Latest statistics show that students from just five counties in the South of the UK make up around a fifth of all pupils admitted to Oxbridge. The stark data, released by the Government, reveals that the two elite universities – Oxford and Cambridge – are very much dominated by students from the south of the country.
The latest information comes despite efforts and promises to enroll a much more diverse range of pupils. The data shows that 2,720 pupils admitted over three years from England and Wales came from just five local education authority areas – that is 18 per cent from those parts of the country.
Hertfordshire sent the highest number of pupils in the country to the two universities, with a figure of 695. Surrey came next with 570, followed by Kent at 535, then Oxfordshire at 475 and Hampshire with a number of 445. These areas make up around 10 per cent of the England and Wales overall population, but 18 per cent of the Oxbridge population, showing a real disparity.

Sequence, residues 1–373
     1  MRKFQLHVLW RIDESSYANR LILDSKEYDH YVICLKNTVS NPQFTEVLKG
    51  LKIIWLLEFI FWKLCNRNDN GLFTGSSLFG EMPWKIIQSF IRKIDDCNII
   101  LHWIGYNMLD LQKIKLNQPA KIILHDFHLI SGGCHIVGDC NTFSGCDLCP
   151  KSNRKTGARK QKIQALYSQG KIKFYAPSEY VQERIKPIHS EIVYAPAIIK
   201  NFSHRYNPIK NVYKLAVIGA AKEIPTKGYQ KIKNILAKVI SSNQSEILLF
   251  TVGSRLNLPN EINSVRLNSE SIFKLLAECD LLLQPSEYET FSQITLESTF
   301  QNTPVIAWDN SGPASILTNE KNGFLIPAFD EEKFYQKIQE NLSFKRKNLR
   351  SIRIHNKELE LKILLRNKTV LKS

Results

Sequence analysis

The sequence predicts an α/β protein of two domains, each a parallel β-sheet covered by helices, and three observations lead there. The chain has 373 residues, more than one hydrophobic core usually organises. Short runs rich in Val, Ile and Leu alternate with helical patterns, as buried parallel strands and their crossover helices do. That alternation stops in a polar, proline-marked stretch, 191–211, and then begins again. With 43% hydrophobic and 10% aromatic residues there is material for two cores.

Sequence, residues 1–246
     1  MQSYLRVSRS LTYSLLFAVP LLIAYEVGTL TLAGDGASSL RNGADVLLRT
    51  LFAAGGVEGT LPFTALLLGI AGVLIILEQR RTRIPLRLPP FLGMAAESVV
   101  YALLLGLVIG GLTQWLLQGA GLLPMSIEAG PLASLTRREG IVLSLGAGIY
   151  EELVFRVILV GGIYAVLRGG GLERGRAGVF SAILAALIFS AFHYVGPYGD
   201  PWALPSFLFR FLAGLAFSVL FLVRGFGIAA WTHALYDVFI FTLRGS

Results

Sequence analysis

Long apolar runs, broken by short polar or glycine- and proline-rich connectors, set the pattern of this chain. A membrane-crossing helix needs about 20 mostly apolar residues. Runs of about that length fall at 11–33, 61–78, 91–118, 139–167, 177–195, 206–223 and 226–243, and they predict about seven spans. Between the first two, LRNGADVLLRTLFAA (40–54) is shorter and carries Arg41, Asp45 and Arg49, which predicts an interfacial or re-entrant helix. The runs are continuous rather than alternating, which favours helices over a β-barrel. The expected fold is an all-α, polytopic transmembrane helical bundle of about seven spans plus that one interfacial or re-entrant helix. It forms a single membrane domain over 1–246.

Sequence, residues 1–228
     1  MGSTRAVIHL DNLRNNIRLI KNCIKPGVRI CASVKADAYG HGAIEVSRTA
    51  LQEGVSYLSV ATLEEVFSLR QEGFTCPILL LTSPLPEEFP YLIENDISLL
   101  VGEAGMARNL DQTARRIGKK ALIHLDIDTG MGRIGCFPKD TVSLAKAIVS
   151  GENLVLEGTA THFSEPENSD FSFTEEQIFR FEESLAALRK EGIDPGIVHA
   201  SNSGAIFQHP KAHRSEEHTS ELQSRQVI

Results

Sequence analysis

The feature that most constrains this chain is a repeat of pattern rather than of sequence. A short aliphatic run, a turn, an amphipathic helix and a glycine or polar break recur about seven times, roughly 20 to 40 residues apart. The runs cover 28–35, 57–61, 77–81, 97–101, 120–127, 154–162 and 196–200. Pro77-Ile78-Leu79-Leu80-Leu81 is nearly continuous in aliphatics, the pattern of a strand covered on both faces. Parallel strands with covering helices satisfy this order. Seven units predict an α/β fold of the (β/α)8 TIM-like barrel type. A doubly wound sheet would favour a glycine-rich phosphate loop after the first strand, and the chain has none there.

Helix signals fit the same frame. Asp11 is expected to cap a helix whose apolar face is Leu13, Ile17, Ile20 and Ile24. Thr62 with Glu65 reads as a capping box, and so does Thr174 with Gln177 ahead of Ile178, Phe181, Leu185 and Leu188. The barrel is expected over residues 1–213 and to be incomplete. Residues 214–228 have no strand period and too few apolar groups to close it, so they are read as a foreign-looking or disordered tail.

Students from the North
In stark contrast, over the period looked at – the three academic years from 2012/12 onwards – 12 council areas, mainly in the North of England, only sent 60 students to Oxford and Cambridge. It is understood that reasons for large swathes of the country having only a handful of students at Oxbridge are because of poorer schools, low aspiration and a lack of any history of attending one of the elite universities.
Peter Lampl, the Sutton Trust found, which aims to help children from under privileged backgrounds get better education said that the data showed that the likelihood of getting into a great university was down to where you go to school.
A spokesperson for Oxford said the university was totally committed to increasing the numbers of students who came from disadvantaged backgrounds, while Cambridge said it had launched a number of outreach programmes to work with state schools.